In a move that will surely bring the ire of Congressional Republicans, President Obama has issued an executive order authorizing $263 million in federal funding for police body cameras and better training. Specifically, he believes the time has long since come to address increasing police use of force, particularly against minorities and in predominantly-minority neighborhoods. The cameras and the training are steps in that direction.
Police body cameras do cut down on instances of use of force and brutality. They have a two-fold purpose: The first is to provide citizens with a layer of protection against unnecessary force. The cameras will record what really happened, and if they’re turned off when the incident took place, that will raise considerable suspicion.
The second is to protect officers against exaggerated or false complaints, because, again, police body cameras show exactly what happened. So if the “victim” is lying or exaggerating, the footage from the camera will show it.
The New York Times did a report on a study about the effect of police body cameras. In Rialto, Calif., the body cams caused a stunning 88 percent drop in complaints about unnecessary force over a 12-month period. 88 percent!
In addition, the police body cameras were linked to a 60 percent drop in officers’ use of force over the same period. 60 percent is nothing to sneeze at, either. Besides that, the decision to use force was higher among officers not wearing the cameras than it was for those who did.
The New York Times also talked to the ACLU about the privacy implications of police body cameras. They said that they don’t like the networks of police-run cameras in cities, but wearable cameras on officers are a different story. It comes down to the citizens watching the government, instead of the government watching the citizens.
According to The Huffington Post, Republicans blocked a possible solution to one of the underlying issues with today’s police forces; the transfer of surplus military equipment to police departments. The bi-partisan bill wouldn’t have prohibited departments from buying that equipment with their own budgets, but would prevent the Pentagon from giving it to them.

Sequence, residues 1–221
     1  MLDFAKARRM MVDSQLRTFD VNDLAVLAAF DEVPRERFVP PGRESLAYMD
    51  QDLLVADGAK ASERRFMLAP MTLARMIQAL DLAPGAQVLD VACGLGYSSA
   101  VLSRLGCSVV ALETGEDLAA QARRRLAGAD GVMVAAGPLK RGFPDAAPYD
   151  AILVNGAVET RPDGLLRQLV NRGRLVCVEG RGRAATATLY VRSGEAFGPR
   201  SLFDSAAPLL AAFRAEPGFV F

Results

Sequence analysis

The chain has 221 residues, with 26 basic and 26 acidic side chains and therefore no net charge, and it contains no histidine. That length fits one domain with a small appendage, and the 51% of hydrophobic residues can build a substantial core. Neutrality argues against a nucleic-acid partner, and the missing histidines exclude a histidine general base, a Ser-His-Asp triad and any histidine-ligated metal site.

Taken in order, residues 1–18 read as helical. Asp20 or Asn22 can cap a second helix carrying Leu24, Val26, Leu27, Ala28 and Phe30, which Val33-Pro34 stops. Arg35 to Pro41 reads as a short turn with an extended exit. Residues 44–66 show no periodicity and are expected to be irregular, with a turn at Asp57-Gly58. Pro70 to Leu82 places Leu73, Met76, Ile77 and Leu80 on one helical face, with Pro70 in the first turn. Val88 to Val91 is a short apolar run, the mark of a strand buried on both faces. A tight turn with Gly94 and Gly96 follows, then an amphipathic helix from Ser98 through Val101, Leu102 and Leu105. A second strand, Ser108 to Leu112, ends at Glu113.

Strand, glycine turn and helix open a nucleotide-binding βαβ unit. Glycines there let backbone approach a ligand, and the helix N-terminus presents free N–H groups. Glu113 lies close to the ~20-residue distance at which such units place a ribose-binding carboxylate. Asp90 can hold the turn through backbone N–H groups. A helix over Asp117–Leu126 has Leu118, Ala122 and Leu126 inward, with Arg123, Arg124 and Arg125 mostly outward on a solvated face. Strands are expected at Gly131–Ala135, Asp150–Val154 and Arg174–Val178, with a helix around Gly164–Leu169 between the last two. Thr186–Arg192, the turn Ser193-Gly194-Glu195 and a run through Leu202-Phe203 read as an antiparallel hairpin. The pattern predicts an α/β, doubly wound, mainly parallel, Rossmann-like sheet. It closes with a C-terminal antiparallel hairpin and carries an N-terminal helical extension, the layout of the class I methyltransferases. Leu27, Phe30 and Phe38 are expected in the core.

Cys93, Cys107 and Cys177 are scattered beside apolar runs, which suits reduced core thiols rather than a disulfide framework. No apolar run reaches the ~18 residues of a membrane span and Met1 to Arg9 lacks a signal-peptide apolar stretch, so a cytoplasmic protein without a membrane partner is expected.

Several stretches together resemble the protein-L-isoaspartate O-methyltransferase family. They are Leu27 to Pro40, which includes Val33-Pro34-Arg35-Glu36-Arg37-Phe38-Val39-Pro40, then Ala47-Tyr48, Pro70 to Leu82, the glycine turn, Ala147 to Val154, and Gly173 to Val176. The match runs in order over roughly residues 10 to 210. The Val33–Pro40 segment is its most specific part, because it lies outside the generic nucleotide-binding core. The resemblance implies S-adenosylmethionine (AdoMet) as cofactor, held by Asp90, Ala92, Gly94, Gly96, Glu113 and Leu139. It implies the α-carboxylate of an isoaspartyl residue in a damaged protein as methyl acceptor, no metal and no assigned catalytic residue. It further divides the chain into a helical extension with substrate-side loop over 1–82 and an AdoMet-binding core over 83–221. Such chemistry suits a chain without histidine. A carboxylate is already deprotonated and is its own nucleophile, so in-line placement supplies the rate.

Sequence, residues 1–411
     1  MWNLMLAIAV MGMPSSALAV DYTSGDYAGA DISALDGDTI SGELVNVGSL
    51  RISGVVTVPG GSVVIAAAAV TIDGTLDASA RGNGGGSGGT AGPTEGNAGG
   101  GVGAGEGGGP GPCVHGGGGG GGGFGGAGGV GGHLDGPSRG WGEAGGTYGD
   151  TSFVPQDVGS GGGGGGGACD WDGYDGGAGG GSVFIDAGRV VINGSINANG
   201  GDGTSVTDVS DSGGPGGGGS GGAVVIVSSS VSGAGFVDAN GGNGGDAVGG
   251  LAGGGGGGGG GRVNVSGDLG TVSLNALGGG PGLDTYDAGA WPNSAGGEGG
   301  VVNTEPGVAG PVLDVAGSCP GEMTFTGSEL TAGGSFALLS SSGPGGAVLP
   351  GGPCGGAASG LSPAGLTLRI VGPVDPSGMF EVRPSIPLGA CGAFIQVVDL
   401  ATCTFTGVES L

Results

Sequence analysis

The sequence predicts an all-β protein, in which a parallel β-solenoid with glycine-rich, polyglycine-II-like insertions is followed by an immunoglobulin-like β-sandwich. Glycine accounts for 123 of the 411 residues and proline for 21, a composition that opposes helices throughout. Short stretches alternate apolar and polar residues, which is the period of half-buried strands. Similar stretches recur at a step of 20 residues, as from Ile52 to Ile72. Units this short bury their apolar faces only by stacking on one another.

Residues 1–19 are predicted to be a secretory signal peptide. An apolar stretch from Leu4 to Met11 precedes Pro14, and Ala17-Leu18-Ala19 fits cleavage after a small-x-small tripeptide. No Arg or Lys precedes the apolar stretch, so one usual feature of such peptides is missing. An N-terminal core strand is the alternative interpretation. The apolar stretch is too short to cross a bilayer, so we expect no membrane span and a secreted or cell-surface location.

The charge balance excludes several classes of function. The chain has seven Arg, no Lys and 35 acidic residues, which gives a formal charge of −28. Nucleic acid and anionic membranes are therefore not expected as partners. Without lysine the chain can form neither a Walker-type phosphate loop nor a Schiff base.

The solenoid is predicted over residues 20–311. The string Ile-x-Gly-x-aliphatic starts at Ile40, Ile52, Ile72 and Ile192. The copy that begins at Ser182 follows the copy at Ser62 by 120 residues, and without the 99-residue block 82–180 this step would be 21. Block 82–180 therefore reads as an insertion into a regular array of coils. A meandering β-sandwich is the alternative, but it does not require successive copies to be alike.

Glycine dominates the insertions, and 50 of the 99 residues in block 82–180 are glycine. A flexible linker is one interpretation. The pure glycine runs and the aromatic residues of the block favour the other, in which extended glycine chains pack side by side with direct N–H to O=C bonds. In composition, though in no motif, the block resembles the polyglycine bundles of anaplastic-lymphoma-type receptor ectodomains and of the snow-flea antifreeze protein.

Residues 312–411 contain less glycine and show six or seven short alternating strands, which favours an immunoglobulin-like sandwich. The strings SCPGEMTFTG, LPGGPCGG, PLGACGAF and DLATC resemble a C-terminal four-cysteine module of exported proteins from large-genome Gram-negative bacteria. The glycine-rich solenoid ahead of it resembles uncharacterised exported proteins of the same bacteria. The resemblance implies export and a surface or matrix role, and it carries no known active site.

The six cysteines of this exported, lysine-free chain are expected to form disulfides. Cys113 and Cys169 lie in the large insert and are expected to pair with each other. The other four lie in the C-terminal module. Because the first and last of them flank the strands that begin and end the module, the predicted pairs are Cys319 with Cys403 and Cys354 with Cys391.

Opponents of this initiative seem to believe that police departments never misuse their equipment. Back in June, before Ferguson even happened, they argued that police forces need military gear to combat terrorism. What terrorism, though, have they fought in their own jurisdictions? The mere threat of terrorism, and the idea of protecting the public (or, more accurately, fear-mongering) is often enough to silence the populace about this kind of problem until it’s too serious to solve easily.
However, police body cameras are a different story. Some departments have started pilot programs using these cameras, not just to test their effectiveness, but also to test the logistics of having so much footage to curate, and also to see how invasive they are when it comes to privacy.
The police body cameras that Obama wants to fund will cover only a fraction of the police officers around the country. According to The Hill, though, state and local police departments would need to match the funding they receive for the cameras. With that stipulation, the White House figures $75 million of the total $263 million will cover the cameras. The rest of that money will go towards the training necessary to change the way police behave and respond to situations, particularly in minority neighborhoods.